New legislation introduced in the U.S. House of Representatives would change the National Highway Traffic Safety Administration’s requirements for retrofitted limousines.
Current law allows more lenient safety requirements for re-sold vehicles when compared to vehicles sold as new. Requirements for seat belts or exit areas are different, especially as some limousines purchased second hand may become altered or expanded to combat capacity limitations.
The bill is a direct response to October’s fatal limousine crash in Schoharie County along Route 30A that claimed 20 lives.
It has been recorded as the U.S.’s most deadly transportation accident within the past nine years.
The passengers were traveling in a rented, modified 2001 Ford Excursion. It had failed inspection barely a month prior.
By Republican Reps. John Faso and Elise Stefanik and Democratic Rep. John Faso introduced the legislation.
“NHTSA regulations are in place for a reason,” Faso said.
“Each time a new vehicle is sold, it must undergo a thorough safety examination. However, if the vehicle is substantively modified to add more seating, it is not subject to the same safety checks. It’s vital that vehicles which are significantly modified undergo a strict amount of scrutiny. The recent tragedy in Schoharie County which took the lives of 20 people must move the Congress to close this loophole and enact stricter rules on modified vehicles. While there were certainly other factors surrounding this crash which are the subject to federal and state investigation, as well as a criminal prosecution, making sure modified vehicles are safer is a critical step.”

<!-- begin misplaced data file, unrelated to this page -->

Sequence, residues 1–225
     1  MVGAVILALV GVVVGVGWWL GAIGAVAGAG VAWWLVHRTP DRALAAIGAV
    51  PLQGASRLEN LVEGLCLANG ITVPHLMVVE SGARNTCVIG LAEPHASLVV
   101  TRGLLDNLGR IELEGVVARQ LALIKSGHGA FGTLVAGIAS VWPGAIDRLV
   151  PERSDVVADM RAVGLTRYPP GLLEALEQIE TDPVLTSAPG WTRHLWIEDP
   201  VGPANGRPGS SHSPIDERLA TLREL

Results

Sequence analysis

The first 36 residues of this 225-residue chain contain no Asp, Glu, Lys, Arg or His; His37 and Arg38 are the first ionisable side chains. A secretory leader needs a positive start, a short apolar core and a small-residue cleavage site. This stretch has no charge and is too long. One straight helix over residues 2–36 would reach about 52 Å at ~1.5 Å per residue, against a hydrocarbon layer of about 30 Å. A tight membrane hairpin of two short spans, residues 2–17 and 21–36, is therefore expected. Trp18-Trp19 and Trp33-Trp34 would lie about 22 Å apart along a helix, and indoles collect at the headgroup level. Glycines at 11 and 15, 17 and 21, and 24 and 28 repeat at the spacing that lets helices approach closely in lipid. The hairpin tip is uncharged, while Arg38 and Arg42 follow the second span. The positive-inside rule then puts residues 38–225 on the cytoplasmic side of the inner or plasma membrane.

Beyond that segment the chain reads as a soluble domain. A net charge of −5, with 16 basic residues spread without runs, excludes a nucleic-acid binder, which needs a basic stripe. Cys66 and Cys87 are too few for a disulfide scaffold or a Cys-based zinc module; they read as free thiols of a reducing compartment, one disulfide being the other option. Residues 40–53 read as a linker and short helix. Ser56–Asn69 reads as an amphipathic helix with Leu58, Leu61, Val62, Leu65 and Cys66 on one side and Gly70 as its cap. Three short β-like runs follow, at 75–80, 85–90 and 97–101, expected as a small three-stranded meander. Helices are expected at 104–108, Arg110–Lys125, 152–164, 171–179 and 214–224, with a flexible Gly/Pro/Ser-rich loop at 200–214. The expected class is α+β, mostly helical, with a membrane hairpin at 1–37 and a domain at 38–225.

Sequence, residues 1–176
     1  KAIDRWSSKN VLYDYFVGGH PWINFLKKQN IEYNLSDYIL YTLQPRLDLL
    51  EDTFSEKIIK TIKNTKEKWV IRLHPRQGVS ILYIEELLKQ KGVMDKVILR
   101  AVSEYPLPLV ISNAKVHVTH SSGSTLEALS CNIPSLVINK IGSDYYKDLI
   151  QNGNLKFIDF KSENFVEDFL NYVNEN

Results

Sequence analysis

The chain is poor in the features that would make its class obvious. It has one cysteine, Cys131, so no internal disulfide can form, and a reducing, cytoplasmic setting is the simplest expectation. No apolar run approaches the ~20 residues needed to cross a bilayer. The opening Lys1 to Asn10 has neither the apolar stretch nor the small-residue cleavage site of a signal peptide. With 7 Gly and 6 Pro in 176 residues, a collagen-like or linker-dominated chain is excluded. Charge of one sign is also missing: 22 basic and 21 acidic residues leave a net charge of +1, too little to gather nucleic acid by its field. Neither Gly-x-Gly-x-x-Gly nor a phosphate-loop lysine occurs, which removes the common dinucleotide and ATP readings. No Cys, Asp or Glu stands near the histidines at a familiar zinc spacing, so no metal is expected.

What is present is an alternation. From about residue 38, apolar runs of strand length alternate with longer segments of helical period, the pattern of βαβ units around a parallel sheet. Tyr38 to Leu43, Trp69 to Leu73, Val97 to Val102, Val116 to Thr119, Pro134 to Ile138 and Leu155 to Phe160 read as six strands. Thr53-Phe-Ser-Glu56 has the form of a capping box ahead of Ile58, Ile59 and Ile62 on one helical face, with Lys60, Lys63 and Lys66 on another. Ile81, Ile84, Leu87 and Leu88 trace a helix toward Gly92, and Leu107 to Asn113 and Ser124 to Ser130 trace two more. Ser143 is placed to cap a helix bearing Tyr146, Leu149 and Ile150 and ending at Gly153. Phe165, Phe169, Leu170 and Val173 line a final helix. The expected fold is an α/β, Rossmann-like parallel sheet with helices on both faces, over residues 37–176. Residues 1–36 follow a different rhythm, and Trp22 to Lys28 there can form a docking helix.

Nauman Hussein, operator and son of Prestige Limousine owner Shahed Hussain, faces criminally negligent homicide charges and will be prosecuted by the Schoharie County DA.
A lawsuit has been filed against Prestige Limousine’s owners by the family of victim Amanda Rivenburg.
Today, the lawyer representing Rivenburg’s family announced the family intends to file a lawsuit against the State of New York on grounds of negligence.
The incident remains under investigation by both state and federal authorities.
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